The IMF's partially-released World Economic Outlook makes two points which significantly alter my priors with respect to the speed and vigor of the recovery in the advanced nations--for the worse.
First, the IMF authors find that recessions created by the bursting of financial bubbles are different--they are more severe and last longer--from recessions that are produced by other causes (for example, supply shocks). The likely reason is that pre-crisis growth in the former case is based on an illusion of rising wealth and is more artificial.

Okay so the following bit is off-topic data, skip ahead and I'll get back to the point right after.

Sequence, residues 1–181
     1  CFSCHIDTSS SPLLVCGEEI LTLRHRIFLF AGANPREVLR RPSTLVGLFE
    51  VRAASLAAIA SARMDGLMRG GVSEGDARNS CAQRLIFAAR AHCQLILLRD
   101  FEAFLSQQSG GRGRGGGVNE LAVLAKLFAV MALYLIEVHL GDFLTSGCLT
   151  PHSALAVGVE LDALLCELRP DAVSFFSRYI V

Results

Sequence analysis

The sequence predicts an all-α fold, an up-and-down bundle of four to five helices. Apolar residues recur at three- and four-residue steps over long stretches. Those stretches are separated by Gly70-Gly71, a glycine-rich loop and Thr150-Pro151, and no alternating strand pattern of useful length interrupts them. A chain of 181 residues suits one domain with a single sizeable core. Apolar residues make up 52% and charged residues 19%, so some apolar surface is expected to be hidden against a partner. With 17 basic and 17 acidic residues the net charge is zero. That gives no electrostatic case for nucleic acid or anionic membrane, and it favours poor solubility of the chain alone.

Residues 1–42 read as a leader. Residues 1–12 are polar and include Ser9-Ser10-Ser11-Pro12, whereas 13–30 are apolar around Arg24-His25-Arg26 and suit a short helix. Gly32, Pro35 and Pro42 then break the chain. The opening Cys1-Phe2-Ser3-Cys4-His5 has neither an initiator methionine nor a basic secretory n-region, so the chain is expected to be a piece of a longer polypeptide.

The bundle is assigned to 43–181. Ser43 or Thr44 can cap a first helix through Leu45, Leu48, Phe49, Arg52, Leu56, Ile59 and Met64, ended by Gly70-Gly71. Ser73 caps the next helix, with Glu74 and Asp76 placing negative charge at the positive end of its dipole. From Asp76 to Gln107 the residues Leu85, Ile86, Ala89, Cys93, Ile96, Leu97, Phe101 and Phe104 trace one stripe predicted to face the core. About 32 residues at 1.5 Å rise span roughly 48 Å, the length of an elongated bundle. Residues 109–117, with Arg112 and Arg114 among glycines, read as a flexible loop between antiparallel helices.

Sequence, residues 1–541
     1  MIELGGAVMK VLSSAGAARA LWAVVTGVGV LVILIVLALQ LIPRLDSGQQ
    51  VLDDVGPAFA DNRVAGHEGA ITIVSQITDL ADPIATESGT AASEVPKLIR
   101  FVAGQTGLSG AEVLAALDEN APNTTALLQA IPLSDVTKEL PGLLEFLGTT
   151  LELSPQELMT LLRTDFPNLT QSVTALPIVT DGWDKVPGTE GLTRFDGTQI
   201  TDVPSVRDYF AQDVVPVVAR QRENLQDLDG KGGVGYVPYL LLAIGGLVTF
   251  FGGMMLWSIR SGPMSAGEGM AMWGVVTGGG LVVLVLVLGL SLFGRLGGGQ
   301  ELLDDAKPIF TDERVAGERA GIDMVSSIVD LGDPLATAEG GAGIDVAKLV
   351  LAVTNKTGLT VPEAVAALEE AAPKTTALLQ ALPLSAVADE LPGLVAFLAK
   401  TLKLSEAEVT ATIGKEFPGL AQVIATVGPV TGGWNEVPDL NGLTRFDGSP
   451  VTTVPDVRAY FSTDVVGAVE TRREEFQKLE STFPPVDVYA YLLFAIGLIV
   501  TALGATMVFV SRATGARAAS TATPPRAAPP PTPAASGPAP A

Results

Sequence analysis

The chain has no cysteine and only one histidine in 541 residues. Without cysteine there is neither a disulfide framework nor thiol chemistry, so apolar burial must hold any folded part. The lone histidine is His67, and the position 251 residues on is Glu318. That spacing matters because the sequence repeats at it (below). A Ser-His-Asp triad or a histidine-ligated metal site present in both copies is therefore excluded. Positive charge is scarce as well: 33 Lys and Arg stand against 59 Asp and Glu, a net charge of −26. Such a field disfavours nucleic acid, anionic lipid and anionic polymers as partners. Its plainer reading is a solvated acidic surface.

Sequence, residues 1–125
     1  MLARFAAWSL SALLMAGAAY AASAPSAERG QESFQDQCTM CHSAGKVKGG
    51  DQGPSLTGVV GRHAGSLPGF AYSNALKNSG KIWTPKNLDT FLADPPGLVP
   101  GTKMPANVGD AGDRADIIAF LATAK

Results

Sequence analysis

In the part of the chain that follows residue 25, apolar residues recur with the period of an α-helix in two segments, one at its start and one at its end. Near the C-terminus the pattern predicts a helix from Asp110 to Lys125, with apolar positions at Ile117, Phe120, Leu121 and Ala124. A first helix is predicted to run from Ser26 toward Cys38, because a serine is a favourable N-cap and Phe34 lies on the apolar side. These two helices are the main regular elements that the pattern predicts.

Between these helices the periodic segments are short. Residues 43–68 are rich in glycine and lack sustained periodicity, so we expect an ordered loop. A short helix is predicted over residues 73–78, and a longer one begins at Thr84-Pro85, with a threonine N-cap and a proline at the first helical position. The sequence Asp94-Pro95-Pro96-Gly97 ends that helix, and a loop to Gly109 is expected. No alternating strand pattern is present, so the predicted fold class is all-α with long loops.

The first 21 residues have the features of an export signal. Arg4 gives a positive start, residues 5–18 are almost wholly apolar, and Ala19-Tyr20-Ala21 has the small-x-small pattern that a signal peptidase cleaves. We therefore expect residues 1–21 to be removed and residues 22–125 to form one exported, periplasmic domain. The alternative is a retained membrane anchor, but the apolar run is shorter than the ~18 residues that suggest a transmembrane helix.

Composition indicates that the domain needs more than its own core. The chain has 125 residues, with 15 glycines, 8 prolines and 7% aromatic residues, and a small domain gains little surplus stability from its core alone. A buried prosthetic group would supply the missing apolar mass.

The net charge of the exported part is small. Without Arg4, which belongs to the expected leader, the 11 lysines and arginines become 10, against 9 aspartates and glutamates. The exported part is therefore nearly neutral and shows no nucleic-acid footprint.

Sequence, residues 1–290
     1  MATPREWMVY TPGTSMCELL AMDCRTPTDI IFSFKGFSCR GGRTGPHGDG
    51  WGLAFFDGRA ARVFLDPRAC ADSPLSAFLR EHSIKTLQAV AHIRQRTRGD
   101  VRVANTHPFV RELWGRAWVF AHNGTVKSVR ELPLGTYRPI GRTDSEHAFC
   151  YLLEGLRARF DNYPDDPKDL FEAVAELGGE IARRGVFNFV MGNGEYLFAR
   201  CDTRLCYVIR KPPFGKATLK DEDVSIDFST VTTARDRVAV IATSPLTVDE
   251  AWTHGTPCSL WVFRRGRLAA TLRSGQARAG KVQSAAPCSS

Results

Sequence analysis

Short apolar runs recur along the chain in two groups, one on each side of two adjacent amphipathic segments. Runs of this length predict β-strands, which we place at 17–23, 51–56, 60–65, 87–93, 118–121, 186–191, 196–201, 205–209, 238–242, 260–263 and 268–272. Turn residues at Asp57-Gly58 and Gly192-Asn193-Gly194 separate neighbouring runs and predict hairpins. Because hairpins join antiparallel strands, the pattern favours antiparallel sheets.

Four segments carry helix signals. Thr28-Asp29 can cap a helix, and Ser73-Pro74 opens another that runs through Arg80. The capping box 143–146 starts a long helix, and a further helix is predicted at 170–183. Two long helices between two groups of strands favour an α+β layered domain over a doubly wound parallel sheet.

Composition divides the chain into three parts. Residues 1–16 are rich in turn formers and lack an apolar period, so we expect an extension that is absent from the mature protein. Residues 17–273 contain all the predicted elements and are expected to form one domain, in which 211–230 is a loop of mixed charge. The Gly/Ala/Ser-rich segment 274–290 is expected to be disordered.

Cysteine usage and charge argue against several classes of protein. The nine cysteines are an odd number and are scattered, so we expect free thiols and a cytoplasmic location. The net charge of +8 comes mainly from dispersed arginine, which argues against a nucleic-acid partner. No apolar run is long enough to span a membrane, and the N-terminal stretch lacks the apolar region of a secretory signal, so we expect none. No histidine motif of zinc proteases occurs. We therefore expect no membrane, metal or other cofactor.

Second, synchronized crises (in which several major economies are simultaneously hit) are also more difficult to get out of. You cannot rely on other economies to pull you out of it through their demand for your exports.
The current crisis is both finance-driven and synchronized. So we are in the worst of all possible worlds.
In hindsight, both of these points are rather obvious, but it is remarkable that so few of the comparisons with previous experiences have taken them on board.